Detention: Law of: Other
The Construction of the NDAA in Hedges
Judge Lewis Kaplan's excellent Second Circuit opinion in Hedges yesterday should end the controversy over whether the 2012 NDAA expands or merely codifies the government's AUMF detention authority---though it almost surely won't. The key discussion begins on page 33 and represents as lucid and straightforward an account of how to read the detention language of Section 1021 as I have seen. I commend to readers who may have doubt about what the NDAA did and did not do:
The AUMF authorized the President to “use all necessary and appropriate force against those nations, organizations, or persons he determines planned, authorized, committed, or aided the terrorist attacks that occurred on September 11, 2001, or harbored such organizations or persons.” Section 1021(a) “affirms” that the AUMF authority includes the detention of a “covered person,” which under Section 1021(b) means (1) a “person who planned, authorized, committed, or aided the terrorist attacks that occurred on September 11, 2001, or harbored those responsible for those attacks” or (2) a “person who was a part of or substantially supported al-Qaeda, the Taliban, or associated forces that are engaged in hostilities against the United States or its coalition partners, including any person who has committed a belligerent act or has directly supported such hostilities in aid of such enemy forces.”
At first blush, Section 1021 may seem curious, if not contradictory. While Section 1021(b)(1) mimics language in the AUMF, Section 1021(b)(2) adds language absent from the AUMF. Yet Section 1021(a) states that it only “affirms” authority included under the AUMF, and Section 1021(d) indicates that Section 1021 is not “intended to limit or expand the authority of the President or the scope of the [AUMF].”
Fortunately, this apparent contradiction—that Section 1021 merely affirms AUMF authority even while it adds language not used in the AUMF—is readily resolved. It is true that the language regarding persons who “planned, authorized, committed, or aided” the 9/11 attacks (or harbored those who did) is identical in the AUMF and Section 1021(b)(1). The AUMF, however, does not merely define persons who may be detained, as does Section 1021(b). Instead, it provides the President authority to use “force” against the “nations, organizations, or persons” responsible for 9/11. Section 1021(b)(1) (read with Section 1021(a)) affirms that the AUMF authority to use force against the persons responsible for 9/11 includes a power to detain such persons. But it does not speak to what additional detention authority, if any, is included in the President’s separate AUMF authority to use force against the organizations responsible for 9/11.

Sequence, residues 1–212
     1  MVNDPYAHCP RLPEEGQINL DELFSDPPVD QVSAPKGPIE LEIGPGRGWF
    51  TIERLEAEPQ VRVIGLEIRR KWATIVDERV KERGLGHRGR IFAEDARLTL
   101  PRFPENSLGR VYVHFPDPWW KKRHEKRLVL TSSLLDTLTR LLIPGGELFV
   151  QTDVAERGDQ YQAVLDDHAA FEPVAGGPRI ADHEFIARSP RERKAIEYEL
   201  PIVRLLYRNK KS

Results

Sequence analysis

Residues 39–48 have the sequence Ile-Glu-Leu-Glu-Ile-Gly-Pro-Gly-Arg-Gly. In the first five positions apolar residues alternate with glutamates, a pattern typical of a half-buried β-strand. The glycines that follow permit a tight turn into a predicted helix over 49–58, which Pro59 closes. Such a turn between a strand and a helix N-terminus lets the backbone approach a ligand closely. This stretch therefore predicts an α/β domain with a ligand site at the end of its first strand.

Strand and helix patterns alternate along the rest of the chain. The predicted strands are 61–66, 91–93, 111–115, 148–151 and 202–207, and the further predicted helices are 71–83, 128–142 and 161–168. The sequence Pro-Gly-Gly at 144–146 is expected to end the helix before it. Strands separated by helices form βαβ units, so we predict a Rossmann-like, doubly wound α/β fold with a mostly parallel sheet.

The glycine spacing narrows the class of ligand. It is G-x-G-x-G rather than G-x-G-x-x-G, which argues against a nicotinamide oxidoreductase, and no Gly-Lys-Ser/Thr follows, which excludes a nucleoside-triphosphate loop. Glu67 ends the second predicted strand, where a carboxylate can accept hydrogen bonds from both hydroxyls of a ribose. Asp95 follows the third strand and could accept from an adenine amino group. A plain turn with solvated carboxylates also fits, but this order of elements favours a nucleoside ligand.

This is where Section 1021(b)(2), a provision concerned with the organizations responsible for 9/11—al-Qaeda and the Taliban—plays a role. Section 1021(b)(2) naturally is understood to affirm that the general AUMF authority to use force against these organizations includes the more specific authority to detain those who were part of, or those who substantially supported, these organizations or associated forces. Because one obviously cannot “detain” an organization, one must explain how the authority to use force against an organization translates into detention authority. Hence, it is not surprising that Section 1021(b)(2) contains language that does not appear in the AUMF, notwithstanding Section 1021(d). Plaintiffs create a false dilemma when they suggest that either Section 1021 expands the AUMF detention authority or it serves no purpose.